• Wow, that’s like almost a complete Hallmark story relationship in one paragraph. I think Tarantino could handle the filming if we got the cast just right. A young Rob Lowe for the Jag-man and hmmm, maybe a young Olivia Newton-John for the Bizzy role. Nah…need a little more edge. Sigourney Weaver or maybe Kathleen Turner in the “Body Heat” days. Jacques would have a cameo as himself. Oh, and Eureka really sucks, Victorian houses notwithstanding.

      Liked by 1 person

      • Sigourney Weaver. Definitely. I was skinny back then and that was even the guy’s last name, come to think of it. Poor Eureka. It should be so much better. That owl ice cream stand — maybe it was a coffee shop or something — is fabulous and Eureka has one of the world’s greatest city parks. Fortunately my sister lives in Arcata.

        Liked by 1 person

        • I may be too hard on Eureka. As you say, it should be much better. So many homeless and mentally ill on the streets and so much economic distress. I’m guessing legal weed didn’t become a financial boon for poor Eureka. Just kind of sad.

          Liked by 1 person

  3. I never went on an unplanned trip, but I think it sounds like fun. Although Max doesn’t look too thrilled with another motel room. 🙄 Not so sure the Safety Dance looks all that safe to do….at least at my age!! 😳

    You and the AJF look like you came out of a fairy house next to those redwoods! I think on your next excursion Max needs to ride in his stroller. Searching out which redwood to pee on must have worn the little guy out!! 🤗🤗
    🐾Ginger 🐾

    Liked by 1 person

    • We felt a little bit like the Keebler Elves amongst the big trees. I think Max was intimidated trying to pee on such a huge trunk. Our unplanned trips started after retirement. Before then free time was so limited we had to structure all trips with precision. Now we (I) can be more spontaneous.

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  4. Wow. Love seeing those enormous redwoods, Tom. You really do have to appreciate the people who had the foresight to conserve them. I’m not sure if you saw my recent tree post where I caught a similar perspective of some local trees backdropped against the sky. They’re totally humbled by your redwoods. Pipsqueaks!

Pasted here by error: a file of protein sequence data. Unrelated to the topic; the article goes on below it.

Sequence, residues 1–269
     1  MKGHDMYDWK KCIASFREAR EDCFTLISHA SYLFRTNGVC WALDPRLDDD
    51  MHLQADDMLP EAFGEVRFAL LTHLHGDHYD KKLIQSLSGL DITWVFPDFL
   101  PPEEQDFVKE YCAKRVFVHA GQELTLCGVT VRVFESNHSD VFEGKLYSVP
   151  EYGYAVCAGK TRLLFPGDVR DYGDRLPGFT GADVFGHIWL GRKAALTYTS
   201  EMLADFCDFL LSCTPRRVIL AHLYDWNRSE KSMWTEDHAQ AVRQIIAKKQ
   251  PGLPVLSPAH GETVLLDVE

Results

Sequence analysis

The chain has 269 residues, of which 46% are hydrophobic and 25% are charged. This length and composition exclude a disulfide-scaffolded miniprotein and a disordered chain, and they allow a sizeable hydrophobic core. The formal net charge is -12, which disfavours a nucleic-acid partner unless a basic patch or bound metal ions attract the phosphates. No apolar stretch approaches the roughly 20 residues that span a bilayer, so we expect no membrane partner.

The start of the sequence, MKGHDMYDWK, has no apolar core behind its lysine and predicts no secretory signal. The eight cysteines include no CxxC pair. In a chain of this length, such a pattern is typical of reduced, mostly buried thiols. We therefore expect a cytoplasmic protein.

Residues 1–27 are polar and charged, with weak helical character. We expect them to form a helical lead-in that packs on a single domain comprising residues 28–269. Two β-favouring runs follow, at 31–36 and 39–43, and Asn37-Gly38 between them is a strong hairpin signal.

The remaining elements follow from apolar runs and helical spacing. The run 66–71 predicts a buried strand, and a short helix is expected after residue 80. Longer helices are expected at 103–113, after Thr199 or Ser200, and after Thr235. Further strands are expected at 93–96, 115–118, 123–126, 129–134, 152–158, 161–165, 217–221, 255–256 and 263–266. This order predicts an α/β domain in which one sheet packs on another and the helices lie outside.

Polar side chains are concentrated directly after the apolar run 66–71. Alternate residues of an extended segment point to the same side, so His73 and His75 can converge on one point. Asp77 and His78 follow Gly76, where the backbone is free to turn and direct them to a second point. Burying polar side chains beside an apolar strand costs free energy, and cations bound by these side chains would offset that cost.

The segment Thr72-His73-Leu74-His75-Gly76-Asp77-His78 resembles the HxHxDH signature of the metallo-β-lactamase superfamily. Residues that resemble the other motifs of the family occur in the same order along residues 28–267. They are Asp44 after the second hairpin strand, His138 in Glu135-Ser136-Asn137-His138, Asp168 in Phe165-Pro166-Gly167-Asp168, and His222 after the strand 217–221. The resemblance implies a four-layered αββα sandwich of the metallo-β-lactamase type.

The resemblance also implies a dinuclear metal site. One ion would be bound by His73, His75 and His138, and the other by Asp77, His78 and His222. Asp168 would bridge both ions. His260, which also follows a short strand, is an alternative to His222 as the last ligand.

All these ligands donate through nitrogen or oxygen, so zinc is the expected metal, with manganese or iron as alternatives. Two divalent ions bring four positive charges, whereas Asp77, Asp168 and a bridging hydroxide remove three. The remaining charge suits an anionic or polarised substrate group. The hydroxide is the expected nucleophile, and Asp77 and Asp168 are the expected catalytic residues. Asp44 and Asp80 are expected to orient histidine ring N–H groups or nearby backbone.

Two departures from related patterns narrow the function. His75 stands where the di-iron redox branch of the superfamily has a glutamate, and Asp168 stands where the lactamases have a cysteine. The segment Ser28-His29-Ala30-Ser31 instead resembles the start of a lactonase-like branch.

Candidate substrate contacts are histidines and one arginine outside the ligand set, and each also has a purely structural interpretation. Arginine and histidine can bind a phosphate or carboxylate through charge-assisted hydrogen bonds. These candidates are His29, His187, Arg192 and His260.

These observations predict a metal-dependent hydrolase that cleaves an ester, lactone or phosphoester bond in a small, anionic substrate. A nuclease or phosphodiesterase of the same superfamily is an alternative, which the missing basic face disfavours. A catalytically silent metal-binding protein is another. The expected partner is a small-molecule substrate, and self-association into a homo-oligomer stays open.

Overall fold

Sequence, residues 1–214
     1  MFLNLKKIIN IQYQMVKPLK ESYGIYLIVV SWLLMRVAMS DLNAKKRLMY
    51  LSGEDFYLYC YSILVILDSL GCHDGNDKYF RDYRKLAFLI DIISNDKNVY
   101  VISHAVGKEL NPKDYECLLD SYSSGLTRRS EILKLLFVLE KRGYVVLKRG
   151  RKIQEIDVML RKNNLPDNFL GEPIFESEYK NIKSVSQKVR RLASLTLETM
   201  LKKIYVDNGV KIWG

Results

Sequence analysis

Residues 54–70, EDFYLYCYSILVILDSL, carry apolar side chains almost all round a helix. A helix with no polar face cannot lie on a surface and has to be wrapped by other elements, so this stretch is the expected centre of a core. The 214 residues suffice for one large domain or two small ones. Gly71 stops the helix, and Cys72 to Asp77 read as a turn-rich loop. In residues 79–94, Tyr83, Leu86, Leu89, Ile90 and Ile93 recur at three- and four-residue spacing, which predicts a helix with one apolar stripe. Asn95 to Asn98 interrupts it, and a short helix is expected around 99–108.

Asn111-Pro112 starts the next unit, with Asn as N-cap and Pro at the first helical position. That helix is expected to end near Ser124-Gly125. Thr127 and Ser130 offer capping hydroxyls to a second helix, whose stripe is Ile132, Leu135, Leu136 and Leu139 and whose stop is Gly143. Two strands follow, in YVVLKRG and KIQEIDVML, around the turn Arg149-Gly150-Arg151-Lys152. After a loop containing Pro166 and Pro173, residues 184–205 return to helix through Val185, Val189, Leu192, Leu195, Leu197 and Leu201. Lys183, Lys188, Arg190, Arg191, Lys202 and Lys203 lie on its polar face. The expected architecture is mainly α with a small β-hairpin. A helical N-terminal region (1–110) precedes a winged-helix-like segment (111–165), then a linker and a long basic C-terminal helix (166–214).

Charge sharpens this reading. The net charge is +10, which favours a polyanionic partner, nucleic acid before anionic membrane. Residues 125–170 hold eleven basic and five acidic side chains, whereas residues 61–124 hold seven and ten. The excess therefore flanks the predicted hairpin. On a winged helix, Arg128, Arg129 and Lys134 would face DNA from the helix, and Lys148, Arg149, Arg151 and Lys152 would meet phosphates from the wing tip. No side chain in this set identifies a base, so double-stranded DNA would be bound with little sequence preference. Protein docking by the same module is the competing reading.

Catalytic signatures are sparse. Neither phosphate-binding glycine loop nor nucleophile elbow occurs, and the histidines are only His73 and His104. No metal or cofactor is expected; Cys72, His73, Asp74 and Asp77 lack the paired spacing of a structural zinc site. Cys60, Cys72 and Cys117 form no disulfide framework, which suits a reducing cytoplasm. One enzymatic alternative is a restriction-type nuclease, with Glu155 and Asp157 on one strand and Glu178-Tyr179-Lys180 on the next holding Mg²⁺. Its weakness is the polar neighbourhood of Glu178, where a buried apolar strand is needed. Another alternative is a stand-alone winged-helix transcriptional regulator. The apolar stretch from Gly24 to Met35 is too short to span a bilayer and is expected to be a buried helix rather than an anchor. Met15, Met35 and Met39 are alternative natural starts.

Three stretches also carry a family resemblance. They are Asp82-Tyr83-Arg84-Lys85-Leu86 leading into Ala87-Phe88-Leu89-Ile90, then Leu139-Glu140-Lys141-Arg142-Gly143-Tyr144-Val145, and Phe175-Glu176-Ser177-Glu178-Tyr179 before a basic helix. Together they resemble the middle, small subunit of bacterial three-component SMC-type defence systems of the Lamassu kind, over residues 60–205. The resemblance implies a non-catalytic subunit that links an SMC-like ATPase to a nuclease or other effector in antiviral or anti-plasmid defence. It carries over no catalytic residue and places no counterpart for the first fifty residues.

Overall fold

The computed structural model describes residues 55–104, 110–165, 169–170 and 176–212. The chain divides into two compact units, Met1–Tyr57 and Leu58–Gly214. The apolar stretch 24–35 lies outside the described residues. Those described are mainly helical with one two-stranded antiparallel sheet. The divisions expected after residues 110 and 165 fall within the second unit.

Ideally, I’d love to go on an unplanned road trip. However, we got caught out once so I do tend to book ahead now. We don’t get away much. Well. make that me. I’m about to change that. I NEED to get away.
    Lastly, no safety dance here. I think I’d have a nasty accident trying to keep up with those moves.
    Enjoy the rest of your trip.
    Best wishes,
    Ro

    Liked by 1 person

    • I think 90% of women prefer to book ahead when traveling. I usually do book ahead simply to avoid domestic abuse being rained down on me. When young I kicked around the globe and was very happy traveling without planning and I guess vestiges of those times linger on.

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  5. An incredible cathedral and I’m not very religious. I’m guessing Redwood squirrels have evolved to keep from being dizzy and falling down to waiting jaws below. Squirrels in general seem to evolve much like cockroaches to avoid capture in general.

    Liked by 1 person

  6. I loved this post. My husband wanted to take me to see the giant redwoods for my 40th birthday, because I’m a little nuts about trees and always said I wanted to go there. Guess what? Just before my birthday a little bichon frise came into my life and I haven’t been on any holidays since… totally worth it though. K x

    Liked by 1 person

    • I understand. Before Max we were avid golfers but that sort of ended when he showed up. If you get a chance to see the big trees it’s worth it but thedilemma is where to go and which trees to see? You could fly into San Francisco and see Muir Woods redwoods and combine that with an urban holiday or visit to the primary US wine areas of Napa or Sonoma Valleys. If you go where our road trip took us you would be in a totally different environment of small towns with little excitement but greater swaths of bigger trees. Or you could visit Sequoia Parks ( I posted about that trip before) where the biggest tree in the world is found – the “General Sherman.” Sequoias are much bigger circumference although not quite so tall as redwoods. No matter your choice, it’s definitely a wonders of the world type of thing. Your hubby could lift a leg on them, like Max!

      Liked by 1 person